C.J. Adrien’s lead character Hastings is based on an historical figure, a disadvantage to him, I think, compared to Uhtred in Bernard Cromwell’s Saxon Tales. Uhtred has free rein to develop more plausibly than Hastings, at least in “In the Shadow of the Beast,” second in Adrien’s medieval history series.
Hastings comes across as a man driven by a destiny here, but not competent enough to shape it. He’s more entertaining as a warrior than a lover or occasional Christian votary but the shifts in his roles and personality feel schizophrenic There are even painful pages where the Viking sounds like he’s just driven in from Palo Alto, complaining about “social constraints” and “meaningful relationships,” and deciding to “leave the island in search of myself.” Beowulf, he is not.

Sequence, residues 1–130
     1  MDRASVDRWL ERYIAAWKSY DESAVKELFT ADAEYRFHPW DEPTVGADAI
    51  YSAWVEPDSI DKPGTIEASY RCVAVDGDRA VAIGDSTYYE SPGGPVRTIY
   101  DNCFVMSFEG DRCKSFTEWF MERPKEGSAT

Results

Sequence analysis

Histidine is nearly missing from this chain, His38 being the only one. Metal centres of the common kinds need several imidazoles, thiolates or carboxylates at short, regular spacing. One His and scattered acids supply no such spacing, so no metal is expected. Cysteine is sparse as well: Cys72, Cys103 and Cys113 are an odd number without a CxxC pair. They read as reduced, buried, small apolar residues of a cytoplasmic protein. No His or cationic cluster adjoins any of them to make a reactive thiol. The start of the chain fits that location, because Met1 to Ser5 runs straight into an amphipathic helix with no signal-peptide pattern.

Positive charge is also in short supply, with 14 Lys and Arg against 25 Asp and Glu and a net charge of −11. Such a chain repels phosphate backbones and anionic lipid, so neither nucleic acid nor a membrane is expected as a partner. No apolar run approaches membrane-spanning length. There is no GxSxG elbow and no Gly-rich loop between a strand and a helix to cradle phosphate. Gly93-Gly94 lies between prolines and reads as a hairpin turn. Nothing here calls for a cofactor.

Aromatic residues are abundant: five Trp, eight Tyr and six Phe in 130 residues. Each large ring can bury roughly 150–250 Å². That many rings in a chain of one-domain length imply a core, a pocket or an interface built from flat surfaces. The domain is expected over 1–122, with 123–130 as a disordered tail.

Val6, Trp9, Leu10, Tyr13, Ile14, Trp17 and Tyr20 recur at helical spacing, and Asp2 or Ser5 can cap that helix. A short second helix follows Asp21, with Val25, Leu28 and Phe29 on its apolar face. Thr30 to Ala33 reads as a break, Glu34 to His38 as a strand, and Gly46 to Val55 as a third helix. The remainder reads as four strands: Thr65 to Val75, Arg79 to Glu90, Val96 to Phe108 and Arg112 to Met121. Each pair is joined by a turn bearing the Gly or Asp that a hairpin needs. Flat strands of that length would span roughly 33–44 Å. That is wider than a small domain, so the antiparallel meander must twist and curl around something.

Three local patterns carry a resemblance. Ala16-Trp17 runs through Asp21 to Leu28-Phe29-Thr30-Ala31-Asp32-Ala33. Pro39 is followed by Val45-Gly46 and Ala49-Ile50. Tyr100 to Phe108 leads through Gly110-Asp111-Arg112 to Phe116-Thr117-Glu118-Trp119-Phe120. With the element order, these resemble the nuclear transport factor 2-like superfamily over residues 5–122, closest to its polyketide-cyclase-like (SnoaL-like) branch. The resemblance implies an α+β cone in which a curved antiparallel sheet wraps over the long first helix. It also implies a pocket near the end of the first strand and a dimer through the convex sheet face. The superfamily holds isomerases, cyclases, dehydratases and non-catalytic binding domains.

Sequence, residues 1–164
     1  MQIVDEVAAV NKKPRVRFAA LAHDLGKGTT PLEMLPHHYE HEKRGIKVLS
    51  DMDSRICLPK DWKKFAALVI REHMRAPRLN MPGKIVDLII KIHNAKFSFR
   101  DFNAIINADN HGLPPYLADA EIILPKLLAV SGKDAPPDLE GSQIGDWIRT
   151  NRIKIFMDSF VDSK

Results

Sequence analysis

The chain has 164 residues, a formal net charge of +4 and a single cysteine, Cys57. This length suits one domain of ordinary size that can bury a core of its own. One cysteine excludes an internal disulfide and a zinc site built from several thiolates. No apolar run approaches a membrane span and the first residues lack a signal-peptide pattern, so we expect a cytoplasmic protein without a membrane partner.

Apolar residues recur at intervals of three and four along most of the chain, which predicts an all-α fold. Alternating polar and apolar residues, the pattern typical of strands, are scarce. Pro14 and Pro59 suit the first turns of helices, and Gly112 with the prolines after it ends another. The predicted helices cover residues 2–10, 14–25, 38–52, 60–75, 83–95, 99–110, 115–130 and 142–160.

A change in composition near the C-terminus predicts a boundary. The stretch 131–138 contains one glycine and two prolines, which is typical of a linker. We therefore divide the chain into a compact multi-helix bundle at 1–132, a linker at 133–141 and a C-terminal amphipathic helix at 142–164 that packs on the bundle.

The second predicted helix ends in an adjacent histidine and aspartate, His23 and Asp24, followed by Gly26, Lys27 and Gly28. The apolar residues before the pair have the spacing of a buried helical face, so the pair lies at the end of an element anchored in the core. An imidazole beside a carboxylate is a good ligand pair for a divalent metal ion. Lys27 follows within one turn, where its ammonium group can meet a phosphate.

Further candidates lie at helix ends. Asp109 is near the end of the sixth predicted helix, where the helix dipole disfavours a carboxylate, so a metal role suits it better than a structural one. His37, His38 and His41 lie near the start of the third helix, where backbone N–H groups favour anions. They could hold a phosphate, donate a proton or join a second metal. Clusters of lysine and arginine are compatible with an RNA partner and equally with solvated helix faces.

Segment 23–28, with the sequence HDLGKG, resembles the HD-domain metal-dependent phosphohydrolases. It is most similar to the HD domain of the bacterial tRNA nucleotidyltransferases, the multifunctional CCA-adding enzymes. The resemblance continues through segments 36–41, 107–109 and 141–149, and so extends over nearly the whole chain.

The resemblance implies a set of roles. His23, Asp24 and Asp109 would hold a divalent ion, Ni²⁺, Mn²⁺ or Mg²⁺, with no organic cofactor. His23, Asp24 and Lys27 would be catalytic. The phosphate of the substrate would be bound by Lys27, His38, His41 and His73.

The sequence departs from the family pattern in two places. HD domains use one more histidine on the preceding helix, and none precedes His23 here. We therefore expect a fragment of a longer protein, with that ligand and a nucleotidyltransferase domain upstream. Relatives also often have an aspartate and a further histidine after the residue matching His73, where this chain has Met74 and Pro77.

But Adrien knows so much about the historical period that I look forward to the next book in this series. The author is daring greatly.